There are two common methods for developing a 3-Statement Financial Model. There is single- and multi-worksheet layouts. You may prefer one over the other depending on your demands and company structure. However, if feasible, we advocate a single-worksheet style since it is easier to traverse and reduces the possibility of calculation mistakes.

If you intend to create your complicated financial model, you should follow a consistent set of best practices. This will simplify and improve the transparency of modelling and auditing tasks.

Basic Three-statement Formula Best Practices for Model Formatting

Colour Classification

Colour coding inputs, formulae, outputs, and so on can help you browse your document more quickly. While the typical colours are blue, black, and red, we won’t criticise if you choose a different colour scheme.


Maintain consistency in format throughout. This might include maintaining a consistent unit scale, standard decimal placements, and so forth.

Keeping Hard Numbers to a Minimum

Avoid using partial inputs that mix cell references and hard numbers.

Sizing Uniformity

Although it may appear easy, standardising your column width and using consistent header labels may make a big impact.

Following a Rigorous Framework

When models grow in size, you should maintain a rigid framework.

As an example:

When predicting the balance sheet, use roll-forward schedules. Separate inputs from computations and outputs in one worksheet (or area of the model).

Avoid connecting files.

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Using the 3-Statement Financial Model to Automate

While many people still use traditional methods to create a 3-Statement Financial Model, there are several advantages to automating this report using specialised solutions.

Increased Effectiveness

It is possible to save a significant amount of time by switching from a manual to an automated operation. Removing a particularly hefty portion of the task might free up vital resources for the company’s strategic development.

Improved Precision

Automation allows for greater accuracy, allowing any flaws to be detected, analysed, and rectified more readily. It helps ensure that all relevant data sources are used to make the forecast and that mistakes are kept to a minimum.

Risk Reduction

By automating the procedure, the chance of human mistakes is considerably reduced. This contributes to the forecast’s dependability.

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Horizontal & Vertical Financial Statement Analysis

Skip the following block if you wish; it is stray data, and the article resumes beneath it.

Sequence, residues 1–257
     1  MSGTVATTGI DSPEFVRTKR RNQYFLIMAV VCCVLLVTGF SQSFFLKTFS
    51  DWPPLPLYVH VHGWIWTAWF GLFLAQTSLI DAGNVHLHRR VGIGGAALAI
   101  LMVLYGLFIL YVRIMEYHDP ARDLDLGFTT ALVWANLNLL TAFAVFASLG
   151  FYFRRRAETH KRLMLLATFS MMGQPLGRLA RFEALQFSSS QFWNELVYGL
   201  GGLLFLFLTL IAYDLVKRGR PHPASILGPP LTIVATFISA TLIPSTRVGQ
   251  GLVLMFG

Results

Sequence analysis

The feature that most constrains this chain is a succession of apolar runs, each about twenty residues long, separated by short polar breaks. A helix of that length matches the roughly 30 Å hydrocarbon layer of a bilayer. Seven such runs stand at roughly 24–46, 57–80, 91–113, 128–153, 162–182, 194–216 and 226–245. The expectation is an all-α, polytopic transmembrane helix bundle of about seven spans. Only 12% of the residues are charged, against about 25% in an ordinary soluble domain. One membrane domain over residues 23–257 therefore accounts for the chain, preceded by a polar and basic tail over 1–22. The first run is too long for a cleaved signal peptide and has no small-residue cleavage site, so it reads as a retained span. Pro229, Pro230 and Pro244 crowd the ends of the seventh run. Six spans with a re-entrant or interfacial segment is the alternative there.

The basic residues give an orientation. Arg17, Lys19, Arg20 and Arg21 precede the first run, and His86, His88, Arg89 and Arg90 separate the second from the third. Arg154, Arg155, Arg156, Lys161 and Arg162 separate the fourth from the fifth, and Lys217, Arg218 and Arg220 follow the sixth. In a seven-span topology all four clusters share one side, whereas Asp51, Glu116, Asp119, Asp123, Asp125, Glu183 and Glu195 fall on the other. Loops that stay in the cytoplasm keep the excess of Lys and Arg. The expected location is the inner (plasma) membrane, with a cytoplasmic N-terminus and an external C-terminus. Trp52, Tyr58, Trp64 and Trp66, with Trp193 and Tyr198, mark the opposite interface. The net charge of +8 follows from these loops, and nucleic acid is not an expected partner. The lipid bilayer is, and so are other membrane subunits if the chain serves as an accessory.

Horizontal analysis analyses financial data over time, usually from previous quarters or years. Horizontal analysis compares financial data from previous statements, such as the income statement. When comparing this previous data, check for variations such as higher or lower profits.

A vertical examination of financial statements is a percentage analysis. Each financial statement line item is given as a percentage of another line item. On an income statement, for example, each line item will be listed as a percentage of gross sales. This method is also known as normalising or common sizing.

Practising 3-Statement Financial Model

Accounting helps us to manage and understand a firm by using past data, which we can then use to make evidence-based decisions on how to proceed. Then, by building on those financial statements by developing a financial model, you can explore how your company might perform in the future based on a variety of factors and assumptions, which will further inform your decision-making process by assisting you in seeing how you can tweak and change your business to achieve the most desirable outcomes.

This tinkering with the model to estimate future results is accomplished through scenario analysis and sensitivity analysis, as discussed in further detail below.

Planning Scenarios

As previously stated, one of the primary advantages of developing a 3-statement financial model is the ability to foresee how changes to operations, finances, and internal investments affect the broad picture of your firm. These changes might range from recruiting another salesman to our bottom line to the look of profitability during a recession?”